Hiring Independent Contractors- What You Need to Know
If you have decided that the position you want to fill meets the requirements of the Massachusetts Independent Contractor Law, there are a few things you should know before moving forward.
Written Contract: In an employment situation, it is not always necessary to have a written contract. When you hire an independent contractor, however, you should absolutely have one. You will want to spell out in writing the duties (hopefully in a way that tracks the legal requirements for a contractor), as well as terms of payment, duration of the agreement, and whether and how it can be terminated by either party.
Work for Hire: If you have an employee who creates intellectual property for you, that is considered "work for hire" under the law, and the intellectual property belongs to the employer. In the case of an independent contractor, in order to retain that benefit, you have to have a written agreement that specifies that intellectual property they are paid to create belongs to you.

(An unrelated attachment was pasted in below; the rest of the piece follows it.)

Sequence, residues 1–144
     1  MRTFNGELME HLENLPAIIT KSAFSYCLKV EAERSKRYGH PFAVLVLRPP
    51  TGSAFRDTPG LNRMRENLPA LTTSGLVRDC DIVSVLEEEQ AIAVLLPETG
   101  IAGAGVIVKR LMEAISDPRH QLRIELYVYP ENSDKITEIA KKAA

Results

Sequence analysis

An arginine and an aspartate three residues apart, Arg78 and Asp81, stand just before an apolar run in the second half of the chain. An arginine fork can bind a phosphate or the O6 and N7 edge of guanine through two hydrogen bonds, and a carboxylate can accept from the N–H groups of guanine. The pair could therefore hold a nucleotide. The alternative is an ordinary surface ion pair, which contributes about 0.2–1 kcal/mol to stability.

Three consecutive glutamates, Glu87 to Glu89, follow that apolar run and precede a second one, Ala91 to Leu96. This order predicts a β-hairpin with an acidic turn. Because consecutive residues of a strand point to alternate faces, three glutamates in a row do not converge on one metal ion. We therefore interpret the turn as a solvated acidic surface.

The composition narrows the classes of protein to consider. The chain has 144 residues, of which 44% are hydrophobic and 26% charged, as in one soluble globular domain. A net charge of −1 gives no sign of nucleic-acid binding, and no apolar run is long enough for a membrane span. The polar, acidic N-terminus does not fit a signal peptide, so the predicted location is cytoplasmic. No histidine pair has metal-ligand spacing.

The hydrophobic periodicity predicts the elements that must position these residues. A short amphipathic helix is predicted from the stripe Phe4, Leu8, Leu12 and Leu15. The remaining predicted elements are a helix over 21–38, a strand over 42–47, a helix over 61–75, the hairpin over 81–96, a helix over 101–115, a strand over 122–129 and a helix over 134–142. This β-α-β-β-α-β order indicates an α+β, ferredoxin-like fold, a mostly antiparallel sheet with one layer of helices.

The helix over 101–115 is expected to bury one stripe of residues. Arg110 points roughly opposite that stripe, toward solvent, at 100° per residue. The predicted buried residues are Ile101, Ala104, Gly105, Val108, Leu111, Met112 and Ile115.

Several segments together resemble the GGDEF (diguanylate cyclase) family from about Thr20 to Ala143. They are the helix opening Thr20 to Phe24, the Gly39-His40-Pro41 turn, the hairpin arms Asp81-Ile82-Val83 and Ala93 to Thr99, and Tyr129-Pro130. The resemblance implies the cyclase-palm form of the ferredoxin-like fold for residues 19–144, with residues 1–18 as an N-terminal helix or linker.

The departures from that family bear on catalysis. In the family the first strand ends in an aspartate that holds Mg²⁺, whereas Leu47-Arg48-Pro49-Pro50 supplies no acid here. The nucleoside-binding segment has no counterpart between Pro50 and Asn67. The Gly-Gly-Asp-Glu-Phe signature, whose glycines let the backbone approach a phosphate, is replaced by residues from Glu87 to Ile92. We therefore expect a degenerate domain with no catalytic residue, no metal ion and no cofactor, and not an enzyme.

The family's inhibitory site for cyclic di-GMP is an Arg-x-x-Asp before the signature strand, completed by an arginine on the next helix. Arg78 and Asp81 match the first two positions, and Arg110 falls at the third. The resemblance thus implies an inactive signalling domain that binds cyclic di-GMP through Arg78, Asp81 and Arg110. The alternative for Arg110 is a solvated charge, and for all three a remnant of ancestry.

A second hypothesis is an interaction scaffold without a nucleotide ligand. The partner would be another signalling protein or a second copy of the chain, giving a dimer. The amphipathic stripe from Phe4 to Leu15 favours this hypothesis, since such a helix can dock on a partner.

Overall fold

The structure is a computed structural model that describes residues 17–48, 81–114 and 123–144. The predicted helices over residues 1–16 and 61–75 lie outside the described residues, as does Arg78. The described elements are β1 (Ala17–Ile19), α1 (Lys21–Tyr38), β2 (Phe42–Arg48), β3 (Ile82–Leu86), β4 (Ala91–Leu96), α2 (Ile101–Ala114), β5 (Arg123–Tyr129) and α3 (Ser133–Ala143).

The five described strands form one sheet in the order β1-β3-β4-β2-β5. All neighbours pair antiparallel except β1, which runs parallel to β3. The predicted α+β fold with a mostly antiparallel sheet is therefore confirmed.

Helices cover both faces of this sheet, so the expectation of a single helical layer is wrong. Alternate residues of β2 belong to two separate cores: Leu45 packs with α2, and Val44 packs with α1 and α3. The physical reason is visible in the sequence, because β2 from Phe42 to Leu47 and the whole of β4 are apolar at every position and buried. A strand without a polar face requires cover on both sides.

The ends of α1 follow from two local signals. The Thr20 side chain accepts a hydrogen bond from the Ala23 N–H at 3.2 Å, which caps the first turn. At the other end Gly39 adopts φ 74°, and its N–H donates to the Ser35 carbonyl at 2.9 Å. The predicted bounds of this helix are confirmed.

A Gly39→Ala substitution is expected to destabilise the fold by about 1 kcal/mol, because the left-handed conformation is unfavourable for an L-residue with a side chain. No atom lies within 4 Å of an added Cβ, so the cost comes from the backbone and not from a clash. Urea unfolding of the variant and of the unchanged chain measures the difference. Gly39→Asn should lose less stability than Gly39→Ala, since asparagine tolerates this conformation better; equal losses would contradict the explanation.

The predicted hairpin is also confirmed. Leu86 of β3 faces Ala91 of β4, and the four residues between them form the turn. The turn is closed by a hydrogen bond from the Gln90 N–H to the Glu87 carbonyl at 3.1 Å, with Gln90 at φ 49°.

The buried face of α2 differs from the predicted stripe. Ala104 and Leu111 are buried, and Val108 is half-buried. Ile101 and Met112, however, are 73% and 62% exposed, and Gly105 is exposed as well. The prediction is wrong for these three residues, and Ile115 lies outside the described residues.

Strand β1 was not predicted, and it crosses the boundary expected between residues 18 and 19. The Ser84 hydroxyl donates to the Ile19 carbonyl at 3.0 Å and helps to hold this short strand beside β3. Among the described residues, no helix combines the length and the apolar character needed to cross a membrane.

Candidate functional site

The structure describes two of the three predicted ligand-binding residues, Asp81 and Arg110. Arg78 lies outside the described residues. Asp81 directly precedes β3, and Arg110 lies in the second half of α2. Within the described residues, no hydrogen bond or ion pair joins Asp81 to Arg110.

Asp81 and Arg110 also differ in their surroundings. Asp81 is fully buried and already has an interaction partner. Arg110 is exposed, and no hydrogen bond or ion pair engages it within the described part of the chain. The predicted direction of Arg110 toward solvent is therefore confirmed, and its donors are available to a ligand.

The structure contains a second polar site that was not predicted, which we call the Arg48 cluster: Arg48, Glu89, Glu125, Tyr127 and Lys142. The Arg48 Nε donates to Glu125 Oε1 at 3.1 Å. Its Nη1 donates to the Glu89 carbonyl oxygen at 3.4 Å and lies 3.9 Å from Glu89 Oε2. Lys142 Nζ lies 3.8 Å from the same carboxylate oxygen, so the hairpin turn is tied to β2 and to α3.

Hedging your bets: If you are at all unsure about whether the classification will meet the legal test, but wish to proceed anyway, you can protect yourself from some of the most expensive risks by: (i) making sure timing of payments meets the requirements of the Wage Act; (ii) specifying that the contractor is not to put in more than 40 hours in a week without your prior written approval (to avoid overtime claims); and (iii) carrying workers compensation insurance that covers the contractor in case of a work-related injury.
Learn more here about the Massachusetts Independent Contractor Law.
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